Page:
Blue Crab

Blue Crab - Callintectes sapidus

*Information from FAO Species Identification Guide Western Central Atlantic*

Blue Crab
Maximum width: 209 mm, exceptionally 227 mm.
Diagnostic characters:

Carapace more than twice as broad as long; 9 blunt to acuminate teeth (outer orbital tooth and strong lateral spine included) on arched anterolateral margin; front (excluding inner orbital angles) bearing 2 obtuse to acuminate, broadly triangular teeth with often sinuous inner margins longer than outer margins. Much of convex dorsal surface smooth, but scattered and transverse lines of fine granules; sculpture of regions near centre varying from low and smooth to rather sharply raised relief with crowded granules; pincers strong, dissimilar, and ridged longitudinally; fifth legs flattened in form of paddles. Males withT-shaped abdomen reaching level of thoracic sternite 4; slender first pleopods with membranous tip reaching beyond suture between thoracic sternites 4 and 5; sinuously curved, overlapping proximally and armed distally with a row of large and small retrogressive spinules (magnifying glass required). Colour: greyish, bluish, or brownish green of varying shades and tints dorsally on carapace and chelipeds; spines may have reddish tints, tubercles at articulations of legs orange, and legs varying blue and white with traces of red or brownish green. Males with propodi of chelae blue on inner and white on outer surfaces, fingers blue on inner and white on outer surfaces and tipped with red. Mature females with organge fingers on chelae tipped with purple.Underparts off-white with tints of yellow and pink. Colour variations associated with sexual dimorphism and molt cycle are known.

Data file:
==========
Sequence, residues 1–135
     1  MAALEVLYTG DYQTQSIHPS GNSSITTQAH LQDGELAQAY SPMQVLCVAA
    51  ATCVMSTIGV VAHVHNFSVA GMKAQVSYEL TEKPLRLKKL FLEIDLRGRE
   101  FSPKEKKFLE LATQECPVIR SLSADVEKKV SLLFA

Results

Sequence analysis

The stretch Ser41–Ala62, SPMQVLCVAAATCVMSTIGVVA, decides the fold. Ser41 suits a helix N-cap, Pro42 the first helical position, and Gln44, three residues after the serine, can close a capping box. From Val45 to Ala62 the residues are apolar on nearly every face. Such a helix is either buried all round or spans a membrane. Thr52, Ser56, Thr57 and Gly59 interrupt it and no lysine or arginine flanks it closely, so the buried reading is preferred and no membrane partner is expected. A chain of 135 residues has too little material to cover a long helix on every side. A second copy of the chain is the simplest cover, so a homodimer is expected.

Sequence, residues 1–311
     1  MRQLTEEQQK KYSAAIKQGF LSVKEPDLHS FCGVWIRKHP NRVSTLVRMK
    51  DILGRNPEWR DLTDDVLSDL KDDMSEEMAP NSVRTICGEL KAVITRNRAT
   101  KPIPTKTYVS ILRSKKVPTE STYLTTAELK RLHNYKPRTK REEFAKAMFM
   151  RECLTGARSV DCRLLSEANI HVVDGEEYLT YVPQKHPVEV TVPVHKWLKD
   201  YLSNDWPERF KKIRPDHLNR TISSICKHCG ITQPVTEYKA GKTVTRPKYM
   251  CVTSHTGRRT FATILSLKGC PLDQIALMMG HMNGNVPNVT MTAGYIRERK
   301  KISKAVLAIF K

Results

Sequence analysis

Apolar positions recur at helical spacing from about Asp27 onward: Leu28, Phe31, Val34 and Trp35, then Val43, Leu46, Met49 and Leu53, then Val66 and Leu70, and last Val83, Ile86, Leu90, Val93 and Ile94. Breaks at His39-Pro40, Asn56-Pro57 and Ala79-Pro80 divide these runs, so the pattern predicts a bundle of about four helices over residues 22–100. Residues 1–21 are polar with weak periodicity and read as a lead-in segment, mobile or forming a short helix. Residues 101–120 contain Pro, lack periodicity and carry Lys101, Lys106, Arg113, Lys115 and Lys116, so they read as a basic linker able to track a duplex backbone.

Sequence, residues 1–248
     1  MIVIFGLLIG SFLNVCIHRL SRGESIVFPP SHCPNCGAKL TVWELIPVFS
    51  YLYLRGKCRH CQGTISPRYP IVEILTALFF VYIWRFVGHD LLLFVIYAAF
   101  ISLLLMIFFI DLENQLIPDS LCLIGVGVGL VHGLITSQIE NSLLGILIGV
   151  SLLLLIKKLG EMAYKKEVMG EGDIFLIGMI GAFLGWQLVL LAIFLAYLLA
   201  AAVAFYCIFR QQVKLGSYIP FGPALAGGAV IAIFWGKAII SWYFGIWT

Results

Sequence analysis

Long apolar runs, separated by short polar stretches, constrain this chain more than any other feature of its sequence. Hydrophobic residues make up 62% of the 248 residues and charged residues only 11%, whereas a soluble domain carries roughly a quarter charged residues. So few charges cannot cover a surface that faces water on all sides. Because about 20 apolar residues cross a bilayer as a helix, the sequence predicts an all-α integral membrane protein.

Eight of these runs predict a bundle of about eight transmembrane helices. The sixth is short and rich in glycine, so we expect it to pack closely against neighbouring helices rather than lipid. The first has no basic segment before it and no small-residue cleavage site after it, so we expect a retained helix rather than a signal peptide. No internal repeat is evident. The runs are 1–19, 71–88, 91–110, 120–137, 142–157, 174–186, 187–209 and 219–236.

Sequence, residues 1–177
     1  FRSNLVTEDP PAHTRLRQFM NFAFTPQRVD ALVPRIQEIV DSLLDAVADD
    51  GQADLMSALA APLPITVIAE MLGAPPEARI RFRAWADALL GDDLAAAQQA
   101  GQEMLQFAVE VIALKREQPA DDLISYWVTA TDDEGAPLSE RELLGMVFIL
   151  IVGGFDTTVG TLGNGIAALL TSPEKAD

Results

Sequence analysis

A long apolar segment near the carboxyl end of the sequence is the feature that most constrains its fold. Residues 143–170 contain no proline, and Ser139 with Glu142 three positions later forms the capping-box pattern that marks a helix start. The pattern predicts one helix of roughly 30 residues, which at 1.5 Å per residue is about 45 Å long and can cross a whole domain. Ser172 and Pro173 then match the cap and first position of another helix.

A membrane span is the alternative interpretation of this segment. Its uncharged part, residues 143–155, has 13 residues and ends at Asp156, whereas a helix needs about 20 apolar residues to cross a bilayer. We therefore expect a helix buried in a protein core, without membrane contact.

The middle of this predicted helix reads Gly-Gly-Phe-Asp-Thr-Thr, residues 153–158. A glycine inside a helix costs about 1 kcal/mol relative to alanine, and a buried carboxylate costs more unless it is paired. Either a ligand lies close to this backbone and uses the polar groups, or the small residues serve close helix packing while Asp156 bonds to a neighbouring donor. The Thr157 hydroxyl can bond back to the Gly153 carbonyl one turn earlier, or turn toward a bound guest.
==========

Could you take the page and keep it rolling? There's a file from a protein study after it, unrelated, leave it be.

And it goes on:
Habitat, biology, and fisheries

A coastal crab inhabiting a variety of bottoms in fresh water, estuaries, and shallow marine waters usually down to 35 m, occasionally 90mdepth. Hatching occurs in mouths of estuaries and shallow marine waters, development of larvae progresses in the ocean, followed by migration of megalopae and young crabs back into estuarinewaters to mature into adults.Feeds on a variety of prey including oysters, clams, other bottom invertebrates, fishes, some vascular plant material and detritus, and carrion. Of major interest to fisheries. Traditionally, however, the seat of this fishery is in Area 21 (mostly Chesapeake Bay). In Area 31 from 1984 to 1998, 750 449 t of blue crab were caught (mean capture production was 50 029 t/year).Caught with pots, trotlines, bottom trawls, fyke nets, dip nets, scrapes, and dredges. Marketed fresh.

Atlantic coast from Cape Cod to Florida, Gulf of Mexico from Florida to Bay of Campeche, Mexico.
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